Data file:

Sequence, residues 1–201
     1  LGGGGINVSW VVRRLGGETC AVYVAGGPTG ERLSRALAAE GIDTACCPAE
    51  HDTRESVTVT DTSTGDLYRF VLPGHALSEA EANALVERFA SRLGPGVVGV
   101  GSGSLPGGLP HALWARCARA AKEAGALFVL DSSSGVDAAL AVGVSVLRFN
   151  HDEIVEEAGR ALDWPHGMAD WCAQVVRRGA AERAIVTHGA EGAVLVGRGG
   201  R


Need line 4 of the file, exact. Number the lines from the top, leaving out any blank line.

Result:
   101  GSGSLPGGLP HALWARCARA AKEAGALFVL DSSSGVDAAL AVGVSVLRFN